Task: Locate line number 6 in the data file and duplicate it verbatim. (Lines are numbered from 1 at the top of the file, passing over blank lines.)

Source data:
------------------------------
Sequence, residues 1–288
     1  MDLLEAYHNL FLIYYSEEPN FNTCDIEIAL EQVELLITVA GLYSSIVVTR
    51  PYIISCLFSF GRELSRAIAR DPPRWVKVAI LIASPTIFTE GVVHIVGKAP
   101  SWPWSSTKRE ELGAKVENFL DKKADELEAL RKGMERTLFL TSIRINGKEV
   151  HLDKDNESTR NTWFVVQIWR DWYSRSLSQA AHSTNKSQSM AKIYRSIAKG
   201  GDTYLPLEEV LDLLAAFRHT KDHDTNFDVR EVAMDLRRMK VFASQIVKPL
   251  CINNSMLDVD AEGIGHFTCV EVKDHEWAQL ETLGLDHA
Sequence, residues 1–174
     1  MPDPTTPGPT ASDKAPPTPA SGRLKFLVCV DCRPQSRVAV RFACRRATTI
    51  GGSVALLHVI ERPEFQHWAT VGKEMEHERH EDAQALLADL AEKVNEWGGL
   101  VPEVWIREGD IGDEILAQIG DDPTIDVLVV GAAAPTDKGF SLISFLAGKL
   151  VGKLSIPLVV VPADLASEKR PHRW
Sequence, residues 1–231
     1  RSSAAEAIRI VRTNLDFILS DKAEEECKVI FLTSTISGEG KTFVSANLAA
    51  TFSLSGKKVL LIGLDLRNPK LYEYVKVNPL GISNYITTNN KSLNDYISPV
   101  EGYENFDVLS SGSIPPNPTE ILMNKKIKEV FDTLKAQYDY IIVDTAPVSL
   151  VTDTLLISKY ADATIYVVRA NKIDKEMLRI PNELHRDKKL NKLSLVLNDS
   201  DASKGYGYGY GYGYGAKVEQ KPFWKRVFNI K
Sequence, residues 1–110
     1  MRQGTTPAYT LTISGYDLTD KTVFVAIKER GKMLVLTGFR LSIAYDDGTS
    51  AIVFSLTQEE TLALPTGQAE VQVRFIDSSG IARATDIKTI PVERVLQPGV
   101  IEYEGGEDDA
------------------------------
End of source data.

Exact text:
   201  GDTYLPLEEV LDLLAAFRHT KDHDTNFDVR EVAMDLRRMK VFASQIVKPL